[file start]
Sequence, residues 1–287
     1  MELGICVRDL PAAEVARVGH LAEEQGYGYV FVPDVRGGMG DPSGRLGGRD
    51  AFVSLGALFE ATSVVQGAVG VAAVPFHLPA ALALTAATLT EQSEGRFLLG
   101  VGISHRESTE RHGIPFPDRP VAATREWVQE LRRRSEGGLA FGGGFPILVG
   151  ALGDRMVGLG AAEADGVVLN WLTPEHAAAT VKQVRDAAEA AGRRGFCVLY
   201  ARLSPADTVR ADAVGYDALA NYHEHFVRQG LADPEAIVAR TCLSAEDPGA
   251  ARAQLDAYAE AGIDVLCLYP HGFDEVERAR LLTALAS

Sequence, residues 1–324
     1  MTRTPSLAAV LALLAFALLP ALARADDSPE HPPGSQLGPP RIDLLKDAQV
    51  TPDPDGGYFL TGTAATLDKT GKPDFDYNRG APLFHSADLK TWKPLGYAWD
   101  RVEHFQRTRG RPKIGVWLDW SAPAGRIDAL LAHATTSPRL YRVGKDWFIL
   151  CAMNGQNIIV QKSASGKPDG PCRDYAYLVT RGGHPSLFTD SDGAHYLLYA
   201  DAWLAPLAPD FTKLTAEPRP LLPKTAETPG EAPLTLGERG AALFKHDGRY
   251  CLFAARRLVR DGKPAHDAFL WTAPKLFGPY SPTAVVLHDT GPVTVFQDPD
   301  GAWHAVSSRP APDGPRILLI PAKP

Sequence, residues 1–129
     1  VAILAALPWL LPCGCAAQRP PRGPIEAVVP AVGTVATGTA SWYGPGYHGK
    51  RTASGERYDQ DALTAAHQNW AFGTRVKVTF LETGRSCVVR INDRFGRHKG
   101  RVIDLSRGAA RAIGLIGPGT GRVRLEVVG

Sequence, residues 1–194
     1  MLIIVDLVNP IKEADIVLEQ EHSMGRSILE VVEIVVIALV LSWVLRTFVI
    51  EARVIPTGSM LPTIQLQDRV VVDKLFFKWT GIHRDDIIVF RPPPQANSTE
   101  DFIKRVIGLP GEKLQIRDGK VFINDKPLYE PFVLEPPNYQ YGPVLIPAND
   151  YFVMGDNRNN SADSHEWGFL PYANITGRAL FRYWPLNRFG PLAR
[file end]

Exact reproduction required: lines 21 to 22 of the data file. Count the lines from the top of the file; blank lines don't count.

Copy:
     1  MLIIVDLVNP IKEADIVLEQ EHSMGRSILE VVEIVVIALV LSWVLRTFVI
    51  EARVIPTGSM LPTIQLQDRV VVDKLFFKWT GIHRDDIIVF RPPPQANSTE